Acupuncture in Patients with Allergic Asthma: A Randomized Pragmatic Trial.
J Altern Complement Med. 2017 Apr;23(4):268-277. doi: 10.1089/acm.2016.0357. Epub 2017 Mar 13.
Brinkhaus B, Roll S, Jena S, Icke K, Adam D, Binting S, Lotz F, Willich SN, Witt CM.
1. 1 Institute for Social Medicine , Epidemiology and Health Economics, Charité Universitätsmedizin Berlin, Berlin, Germany .
2. 2 Department for Medical Statistics and Informatics, Universität Freiburg , Freiburg, Germany .
3. 3 Institute for Complementary and Integrative Medicine, University Hospital Zurich and University of Zurich , Zurich, Switzerland .
Although the available evidence is insufficient, acupuncture is used in patients suffering from chronic asthma. The aim of this pragmatic study was to investigate the effectiveness of acupuncture in addition to routine care in patients with allergic asthma compared to treatment with routine care alone.
Patients with allergic asthma were included in a randomized controlled trial and randomized to receive up to 15 acupuncture sessions over 3 months or to a control group receiving routine care alone. Patients who did not consent to randomization received acupuncture treatment for the first 3 months and were followed as a cohort. All trial patients were allowed to receive routine care in addition to study treatment. The primary endpoint was the asthma quality of life questionnaire (AQLQ, range: 1-7) at 3 months. Secondary endpoints included general health related to quality of life (Short-Form-36, SF-36, range 0-100). Outcome parameters were assessed at baseline and at 3 and 6 months.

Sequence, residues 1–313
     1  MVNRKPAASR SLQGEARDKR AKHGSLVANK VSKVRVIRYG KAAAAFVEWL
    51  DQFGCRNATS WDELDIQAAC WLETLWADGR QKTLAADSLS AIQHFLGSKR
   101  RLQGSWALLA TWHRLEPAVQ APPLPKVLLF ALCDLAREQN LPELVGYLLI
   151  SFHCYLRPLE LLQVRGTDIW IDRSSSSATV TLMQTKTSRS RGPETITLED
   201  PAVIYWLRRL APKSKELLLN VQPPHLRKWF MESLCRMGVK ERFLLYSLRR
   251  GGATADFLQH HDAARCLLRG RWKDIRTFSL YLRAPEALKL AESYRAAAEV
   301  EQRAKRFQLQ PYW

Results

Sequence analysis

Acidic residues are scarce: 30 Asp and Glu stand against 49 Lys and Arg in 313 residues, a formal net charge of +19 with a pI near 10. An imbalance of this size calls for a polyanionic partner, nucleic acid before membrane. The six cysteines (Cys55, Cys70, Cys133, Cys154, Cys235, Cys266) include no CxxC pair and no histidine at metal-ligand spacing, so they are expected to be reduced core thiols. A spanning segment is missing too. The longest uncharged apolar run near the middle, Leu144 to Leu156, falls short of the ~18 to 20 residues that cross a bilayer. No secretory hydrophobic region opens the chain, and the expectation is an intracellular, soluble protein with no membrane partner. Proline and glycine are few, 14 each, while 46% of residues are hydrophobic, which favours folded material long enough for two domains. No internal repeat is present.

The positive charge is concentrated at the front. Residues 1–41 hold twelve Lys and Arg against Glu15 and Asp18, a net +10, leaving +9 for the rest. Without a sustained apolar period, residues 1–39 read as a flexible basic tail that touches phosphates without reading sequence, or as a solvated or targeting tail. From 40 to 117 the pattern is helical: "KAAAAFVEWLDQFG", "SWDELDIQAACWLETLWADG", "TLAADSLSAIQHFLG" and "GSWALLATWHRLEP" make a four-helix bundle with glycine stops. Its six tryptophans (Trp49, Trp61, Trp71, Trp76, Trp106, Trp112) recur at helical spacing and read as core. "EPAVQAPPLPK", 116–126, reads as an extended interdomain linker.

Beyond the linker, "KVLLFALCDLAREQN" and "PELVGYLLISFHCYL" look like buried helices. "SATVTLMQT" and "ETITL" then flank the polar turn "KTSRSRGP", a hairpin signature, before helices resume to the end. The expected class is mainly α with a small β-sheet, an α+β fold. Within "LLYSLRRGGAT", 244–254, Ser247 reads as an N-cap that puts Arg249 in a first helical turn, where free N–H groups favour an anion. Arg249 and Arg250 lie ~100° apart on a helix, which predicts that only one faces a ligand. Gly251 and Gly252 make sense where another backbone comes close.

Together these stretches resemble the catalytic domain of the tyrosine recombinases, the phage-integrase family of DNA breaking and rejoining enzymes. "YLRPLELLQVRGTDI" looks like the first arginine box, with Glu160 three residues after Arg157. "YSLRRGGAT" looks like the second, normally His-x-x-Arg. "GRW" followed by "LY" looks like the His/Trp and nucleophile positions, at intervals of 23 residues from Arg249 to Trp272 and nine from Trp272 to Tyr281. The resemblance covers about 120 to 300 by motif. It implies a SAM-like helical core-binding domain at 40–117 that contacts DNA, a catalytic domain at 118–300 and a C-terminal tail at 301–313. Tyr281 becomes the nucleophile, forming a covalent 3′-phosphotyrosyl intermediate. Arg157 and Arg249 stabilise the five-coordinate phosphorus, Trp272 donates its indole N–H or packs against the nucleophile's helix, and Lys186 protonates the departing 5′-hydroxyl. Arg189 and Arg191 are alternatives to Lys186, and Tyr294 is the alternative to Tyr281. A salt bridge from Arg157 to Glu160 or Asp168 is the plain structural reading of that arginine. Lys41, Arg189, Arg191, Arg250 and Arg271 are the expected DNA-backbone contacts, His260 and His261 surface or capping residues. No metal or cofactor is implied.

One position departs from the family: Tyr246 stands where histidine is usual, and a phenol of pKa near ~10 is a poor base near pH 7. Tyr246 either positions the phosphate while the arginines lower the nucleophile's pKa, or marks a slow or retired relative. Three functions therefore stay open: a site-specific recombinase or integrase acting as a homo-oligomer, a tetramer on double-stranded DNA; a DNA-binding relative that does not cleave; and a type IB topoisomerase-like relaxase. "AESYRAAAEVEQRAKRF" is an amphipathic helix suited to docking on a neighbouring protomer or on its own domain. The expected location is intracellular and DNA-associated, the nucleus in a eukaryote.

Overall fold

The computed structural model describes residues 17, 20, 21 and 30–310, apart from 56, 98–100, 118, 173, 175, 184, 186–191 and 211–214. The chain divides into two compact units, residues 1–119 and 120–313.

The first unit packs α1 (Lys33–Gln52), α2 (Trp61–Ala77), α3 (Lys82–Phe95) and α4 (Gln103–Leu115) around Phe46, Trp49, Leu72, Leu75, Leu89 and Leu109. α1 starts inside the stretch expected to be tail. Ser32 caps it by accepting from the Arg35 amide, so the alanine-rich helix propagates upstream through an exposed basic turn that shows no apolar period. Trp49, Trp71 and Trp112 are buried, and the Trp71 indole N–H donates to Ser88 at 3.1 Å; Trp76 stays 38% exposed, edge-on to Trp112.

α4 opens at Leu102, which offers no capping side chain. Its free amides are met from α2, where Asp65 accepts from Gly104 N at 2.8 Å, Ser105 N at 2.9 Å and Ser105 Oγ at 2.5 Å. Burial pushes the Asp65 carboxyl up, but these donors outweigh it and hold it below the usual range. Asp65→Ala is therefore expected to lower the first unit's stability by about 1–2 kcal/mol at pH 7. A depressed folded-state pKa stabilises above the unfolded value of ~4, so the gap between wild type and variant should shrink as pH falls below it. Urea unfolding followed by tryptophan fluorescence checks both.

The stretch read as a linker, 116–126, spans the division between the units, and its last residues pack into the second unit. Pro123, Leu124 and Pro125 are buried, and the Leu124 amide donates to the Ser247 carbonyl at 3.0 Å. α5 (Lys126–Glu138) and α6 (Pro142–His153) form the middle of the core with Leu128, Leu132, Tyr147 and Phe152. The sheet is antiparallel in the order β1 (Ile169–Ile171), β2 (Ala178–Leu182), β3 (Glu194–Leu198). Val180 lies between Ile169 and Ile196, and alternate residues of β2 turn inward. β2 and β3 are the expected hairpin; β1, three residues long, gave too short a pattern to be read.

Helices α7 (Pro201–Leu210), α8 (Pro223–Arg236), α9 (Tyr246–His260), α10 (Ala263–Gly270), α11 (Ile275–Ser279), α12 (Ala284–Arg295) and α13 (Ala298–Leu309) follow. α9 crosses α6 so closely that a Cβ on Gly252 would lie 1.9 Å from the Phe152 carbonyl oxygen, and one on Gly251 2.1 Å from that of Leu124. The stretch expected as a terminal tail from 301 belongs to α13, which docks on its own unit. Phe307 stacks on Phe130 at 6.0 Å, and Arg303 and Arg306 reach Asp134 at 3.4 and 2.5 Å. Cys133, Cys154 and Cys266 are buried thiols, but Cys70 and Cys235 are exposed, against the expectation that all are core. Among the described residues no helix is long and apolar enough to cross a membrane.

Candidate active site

A total of 1,445 patients (mean age 43.8 [SD 13.5] years, 58.7% female) were randomized and included in the analysis (184 patients randomized to acupuncture and 173 to control, and 1,088 in the nonrandomized acupuncture group). In the randomized part, acupuncture was associated with an improvement in the AQLQ score compared to the control group (difference acupuncture vs. control group 0.7 [95% confidence interval (CI) 0.5-1.0]) as well as in the physical component scale and the mental component scale of the SF-36 (physical: 2.5 [1.0-4.0]; mental 4.0 [2.1-6.0]) after 3 months. Treatment success was maintained throughout 6 months. Patients not consenting to randomization showed similar improvements as the randomized acupuncture group.
In patients with allergic asthma, additional acupuncture treatment to routine care was associated with increased disease-specific and health-related quality of life compared to treatment with routine care alone.